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Wednesday, January 18, 2012

Hosanna-Tabor Evangelical Lutheran Church and School v. EEOC: Teacher/Minister May Not Sue Church for Discrimination, Wrongful Termination

In Hosanna-Tabor Evangelical Lutheran Church and School v. EEOC, --- S.Ct. ----, 2012 WL 75047 (1/11/12), the Supreme Court considered whether a minister may sue her church for wrongful termination based on acts of discrimination. In a unanimous opinion written by Chief Justice Roberts, the Court held that the Establishment and Free Exercise Clauses of the First Amendment bar such actions.

Cheryl Perich worked as a teacher for Hosanna-Tabor. She was considered "called," meaning that she was regarded as having been called to her vocation by God through a congregation. She taught academic and religious classes and led the students in prayer. Perich was diagnosed with narcolepsy and went on disability leave. When Perich advised the school that she was able to return to work, it told her that it had filled her position. After Perich showed up for work, Hosanna-Tabor terminated her.

Perich filed a charge with the Equal Employment Opportunity Commission (EEOC), alleging that Hosana-Tabor had terminated her employment in violation of the Americans with Disabilities Act (ADA). 42 U. S. C. §12101 et seq. The EEOC filed suit, alleging that Hosanna-Tabor had fired Perich in retaliation for threatening to file an ADA lawsuit. Hosanna-Tabor moved for summary judgment, arguing that Perich was a minister, and she had been fired for a religious reason - namely, that her threat to sue the Church violated the Synod’s belief that Christians should resolve their disputes internally. The District Court agreed that the suit was barred by the ministerial exception and granted summary judgment in Hosanna-Tabor’s favor. The Sixth Circuit Court of Appeals vacated the decision, but the Supreme Court granted certiorari and affirmed.

The Court began by tracing the history of the First Amendment Establishment and Free Exercise Clauses from the Magna Carta, through the reign or Henry VIII, to the founding of the colonies by the Puritans, and the early days of the United States. The principal lesson drawn from this history is that the government under the First Amendment has no role in telling a church whom to choose as its minister. In the words of then Secretary of State James Madison in 1806, the selection of church functionaries was an “entirely ecclesiastical” matter left to the Church’s own judgment. Slip op. at 9.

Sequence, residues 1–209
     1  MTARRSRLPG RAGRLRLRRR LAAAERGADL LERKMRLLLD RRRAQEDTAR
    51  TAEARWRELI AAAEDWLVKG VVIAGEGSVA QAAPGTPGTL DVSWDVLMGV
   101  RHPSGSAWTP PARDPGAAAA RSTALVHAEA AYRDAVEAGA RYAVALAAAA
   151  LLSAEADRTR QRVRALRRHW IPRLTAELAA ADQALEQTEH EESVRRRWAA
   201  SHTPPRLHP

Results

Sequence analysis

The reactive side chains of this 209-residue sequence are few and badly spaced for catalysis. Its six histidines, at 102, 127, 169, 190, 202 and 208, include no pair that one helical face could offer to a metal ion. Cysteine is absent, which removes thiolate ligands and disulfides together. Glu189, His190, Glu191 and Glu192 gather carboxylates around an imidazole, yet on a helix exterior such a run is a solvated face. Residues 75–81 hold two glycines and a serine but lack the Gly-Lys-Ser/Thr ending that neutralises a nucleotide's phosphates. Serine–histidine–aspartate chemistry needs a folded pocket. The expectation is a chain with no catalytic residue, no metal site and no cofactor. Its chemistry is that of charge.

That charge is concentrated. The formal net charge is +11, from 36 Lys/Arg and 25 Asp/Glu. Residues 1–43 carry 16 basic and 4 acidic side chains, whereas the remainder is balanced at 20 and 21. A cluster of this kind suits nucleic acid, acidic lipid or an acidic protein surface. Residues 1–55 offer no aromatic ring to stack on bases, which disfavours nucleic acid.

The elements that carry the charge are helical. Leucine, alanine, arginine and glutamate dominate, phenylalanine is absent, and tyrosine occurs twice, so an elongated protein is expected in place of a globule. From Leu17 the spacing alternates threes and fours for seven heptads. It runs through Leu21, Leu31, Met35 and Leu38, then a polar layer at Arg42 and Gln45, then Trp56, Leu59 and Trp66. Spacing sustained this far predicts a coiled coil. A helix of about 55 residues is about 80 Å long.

The Court then considered whether "this freedom of a religious organization to select its ministers is implicated by a suit alleging discrimination in employment." Slip op. at 13. The Court held that there is a “ministerial exception,” grounded in the First Amendment, that precludes application of anti-discrimination legislation to claims concerning the employment relationship between a religious institution and its ministers. Ibid.
The members of a religious group put their faith in the hands of their ministers. Requiring a church to accept or retain an unwanted minister, or punishing a church for failing to do so, intrudes upon more than a mere employment decision. Such action interferes with the internal governance of the church, depriving the church of control over the selection of those who will personify its beliefs. By imposing an unwanted minister, the state infringes the Free Exercise Clause, which protects a religious group’s right to shape its own faith and mission through its appointments. According the state the power to determine which individuals will minister to the faithful also violates the Establishment Clause, which prohibits government involvement in such ecclesiastical decisions.
Slip op. at 13-14.

The Court then held that the ministerial exception applied to the facts of the present case. The Court declined to set a bright line rule on the limits of the ministerial exemption and instead looked to the particular facts of the case, including: Hosanna-Tabor held Perich out as a minister; her title as a minister "reflected a significant degree of religious training followed by a formal process of commissioning;" Perich held herself out as a minister of the Church by accepting the formal call to religious service; and her job duties reflected a role in conveying the Church’s message and carrying out its mission. Slip op. at 16-18. The Court concluded:
The interest of society in the enforcement of employment discrimination statutes is undoubtedly important. But so too is the interest of religious groups in choosing who will preach their beliefs, teach their faith, and carry out their mission. When a minister who has been fired sues her church alleging that her termination was discriminatory, the First Amendment has struck the balance for us. The church must be free to choose those who will guide it on its way.
Slip op. at 21-22.

The opinion is available here.

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